The Most Disgraceful Book Cover Ever!

June 11, 2009 in Book Reviews, On Writing by pacejmiller

Rarely do I see such a disgraceful book cover.  See photos below.  Pretty self explanatory.  Pardon the quality of the photos as I took them surreptitiously on my phone camera.

The front cover

The front cover

The back cover

The back cover

For those still confused, the real author’s name is Simon Kernick, and the name of book is Deadline (both down at the bottom).  I’ve seen ‘if you enjoyed X’ type recommendations for new novels before, but this took it to a whole new level.  You can even get the book for free if you pre-order Dan Brown’s forthcoming The Lost Symbol!  The writing on the back cover is not very clear, but the top half is dedicated to why you should read Dan Brown – only the bottom half is about Deadline.

There is no right of publicity in the UK, but I’m sure both Brown and Kernick would be spewing if they knew about this cover (and at least a prima facie case of passing off could be made).  It’s designed to mislead and deceive the careless book buyer, or at the very least cause what is commonly referred to as ‘initial interest confusion’.  The danger is exacerbated when this book is placed right next to Dan Brown’s books, which it was when I found it in WH Smith (a UK bookstore chain).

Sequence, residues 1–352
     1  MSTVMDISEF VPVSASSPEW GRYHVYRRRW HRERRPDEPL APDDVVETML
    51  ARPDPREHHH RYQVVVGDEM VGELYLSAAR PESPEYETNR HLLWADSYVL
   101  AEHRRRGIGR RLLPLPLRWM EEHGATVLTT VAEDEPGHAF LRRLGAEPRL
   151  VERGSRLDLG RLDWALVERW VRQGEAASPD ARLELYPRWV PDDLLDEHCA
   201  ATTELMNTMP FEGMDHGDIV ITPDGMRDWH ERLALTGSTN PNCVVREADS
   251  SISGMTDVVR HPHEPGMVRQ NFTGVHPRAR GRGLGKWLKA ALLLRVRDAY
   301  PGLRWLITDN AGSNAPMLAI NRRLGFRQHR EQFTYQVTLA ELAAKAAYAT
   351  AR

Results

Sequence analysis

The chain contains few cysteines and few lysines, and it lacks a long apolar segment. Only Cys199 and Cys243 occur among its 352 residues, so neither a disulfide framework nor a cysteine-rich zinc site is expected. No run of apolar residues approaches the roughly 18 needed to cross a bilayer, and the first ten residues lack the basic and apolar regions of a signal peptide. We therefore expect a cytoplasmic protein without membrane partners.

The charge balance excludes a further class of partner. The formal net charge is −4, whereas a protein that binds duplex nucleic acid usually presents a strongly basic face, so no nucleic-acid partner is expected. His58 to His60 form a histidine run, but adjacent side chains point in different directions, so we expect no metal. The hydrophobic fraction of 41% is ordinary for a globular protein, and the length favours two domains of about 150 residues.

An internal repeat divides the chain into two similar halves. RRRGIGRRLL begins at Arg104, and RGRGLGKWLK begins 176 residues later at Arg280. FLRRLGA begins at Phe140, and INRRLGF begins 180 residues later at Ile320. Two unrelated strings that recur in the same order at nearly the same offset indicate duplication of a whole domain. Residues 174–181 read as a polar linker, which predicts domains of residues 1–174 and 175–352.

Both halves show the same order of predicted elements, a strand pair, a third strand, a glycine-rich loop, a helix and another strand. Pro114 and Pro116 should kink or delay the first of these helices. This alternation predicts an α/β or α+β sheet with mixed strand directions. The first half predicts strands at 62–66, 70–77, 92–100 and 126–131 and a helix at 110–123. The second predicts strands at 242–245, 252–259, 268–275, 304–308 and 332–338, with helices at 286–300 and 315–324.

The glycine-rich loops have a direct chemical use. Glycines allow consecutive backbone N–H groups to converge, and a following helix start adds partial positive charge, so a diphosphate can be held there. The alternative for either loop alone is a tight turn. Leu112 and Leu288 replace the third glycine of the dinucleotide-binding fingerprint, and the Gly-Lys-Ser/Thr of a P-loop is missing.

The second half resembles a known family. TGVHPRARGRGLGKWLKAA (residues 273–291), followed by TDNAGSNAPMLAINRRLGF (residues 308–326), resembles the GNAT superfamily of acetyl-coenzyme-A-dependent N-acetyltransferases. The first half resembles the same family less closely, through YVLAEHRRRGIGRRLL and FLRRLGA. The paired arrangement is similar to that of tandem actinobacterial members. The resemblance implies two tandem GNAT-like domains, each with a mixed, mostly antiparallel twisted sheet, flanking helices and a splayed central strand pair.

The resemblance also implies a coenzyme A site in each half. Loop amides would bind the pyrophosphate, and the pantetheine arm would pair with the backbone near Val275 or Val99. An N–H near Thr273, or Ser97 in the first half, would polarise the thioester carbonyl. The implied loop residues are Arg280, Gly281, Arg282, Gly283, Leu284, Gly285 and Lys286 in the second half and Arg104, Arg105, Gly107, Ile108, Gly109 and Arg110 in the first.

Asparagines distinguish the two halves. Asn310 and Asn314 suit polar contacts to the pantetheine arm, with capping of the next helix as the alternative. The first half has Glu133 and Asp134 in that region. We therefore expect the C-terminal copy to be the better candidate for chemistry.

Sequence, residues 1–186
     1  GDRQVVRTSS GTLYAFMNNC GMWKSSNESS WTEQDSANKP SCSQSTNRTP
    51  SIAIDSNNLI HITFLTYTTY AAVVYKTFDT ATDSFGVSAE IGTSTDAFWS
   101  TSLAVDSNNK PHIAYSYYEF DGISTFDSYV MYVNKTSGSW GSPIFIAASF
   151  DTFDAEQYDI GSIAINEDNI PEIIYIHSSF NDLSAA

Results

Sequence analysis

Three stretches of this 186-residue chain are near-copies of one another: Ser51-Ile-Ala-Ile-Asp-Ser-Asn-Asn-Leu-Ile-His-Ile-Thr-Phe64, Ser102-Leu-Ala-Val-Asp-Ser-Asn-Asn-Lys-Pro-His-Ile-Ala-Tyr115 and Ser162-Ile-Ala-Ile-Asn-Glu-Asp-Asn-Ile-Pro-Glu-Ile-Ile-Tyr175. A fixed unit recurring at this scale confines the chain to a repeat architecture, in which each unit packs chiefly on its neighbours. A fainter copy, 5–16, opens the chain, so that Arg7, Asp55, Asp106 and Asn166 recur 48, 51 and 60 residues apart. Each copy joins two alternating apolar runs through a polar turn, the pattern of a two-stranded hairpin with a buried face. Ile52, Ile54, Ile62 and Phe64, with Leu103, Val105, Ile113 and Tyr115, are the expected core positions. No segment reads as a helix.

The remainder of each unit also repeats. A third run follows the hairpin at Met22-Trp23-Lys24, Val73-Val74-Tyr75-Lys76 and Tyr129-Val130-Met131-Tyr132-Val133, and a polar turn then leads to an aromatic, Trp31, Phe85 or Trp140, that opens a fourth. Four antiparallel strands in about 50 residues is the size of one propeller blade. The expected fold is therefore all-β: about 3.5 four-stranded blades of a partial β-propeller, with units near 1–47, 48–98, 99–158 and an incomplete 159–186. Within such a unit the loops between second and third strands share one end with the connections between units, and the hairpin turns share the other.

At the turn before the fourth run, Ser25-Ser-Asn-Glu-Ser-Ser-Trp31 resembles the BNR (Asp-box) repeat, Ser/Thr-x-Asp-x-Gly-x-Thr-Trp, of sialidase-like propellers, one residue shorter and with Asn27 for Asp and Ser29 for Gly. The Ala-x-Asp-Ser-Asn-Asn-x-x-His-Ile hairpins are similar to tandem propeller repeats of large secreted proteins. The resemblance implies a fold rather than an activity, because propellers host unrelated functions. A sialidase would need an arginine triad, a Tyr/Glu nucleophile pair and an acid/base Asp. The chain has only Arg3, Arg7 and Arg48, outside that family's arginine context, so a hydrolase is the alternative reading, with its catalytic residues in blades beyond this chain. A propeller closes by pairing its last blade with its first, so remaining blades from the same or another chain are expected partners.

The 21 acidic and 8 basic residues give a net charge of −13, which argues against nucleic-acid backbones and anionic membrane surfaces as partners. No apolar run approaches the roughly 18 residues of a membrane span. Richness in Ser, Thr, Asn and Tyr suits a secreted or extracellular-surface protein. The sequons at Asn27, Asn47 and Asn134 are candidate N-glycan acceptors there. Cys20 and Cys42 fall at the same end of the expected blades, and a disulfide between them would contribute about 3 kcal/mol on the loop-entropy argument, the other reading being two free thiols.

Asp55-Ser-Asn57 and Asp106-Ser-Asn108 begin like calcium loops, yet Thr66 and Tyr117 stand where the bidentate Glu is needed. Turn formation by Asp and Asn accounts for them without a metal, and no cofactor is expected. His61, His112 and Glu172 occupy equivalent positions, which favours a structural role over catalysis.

The thing is, Kernick is not some crappy first time author who can’t sell a copy.  His previous novel, Relentless, was the 8th best-selling paperback, and the best-selling thriller in the UK in 2007.

[Update: seems this book cover controversy has really taken off, with several blogs and newspapers reporting it.  Turns out Kernick knew about it from the start and is quite relaxed about it – because the book was only supposed to be given for free when pre-ordering Brown’s new book, and not to be sold individually.  But what do you expect when the book is placed amongst the other Dan Brown books on the shelves?  Sure, Kernick’s sales have gone up since this promotion (good for him) but as a writer I thought he would have been against it, or at least the way in which it was placed in stores.]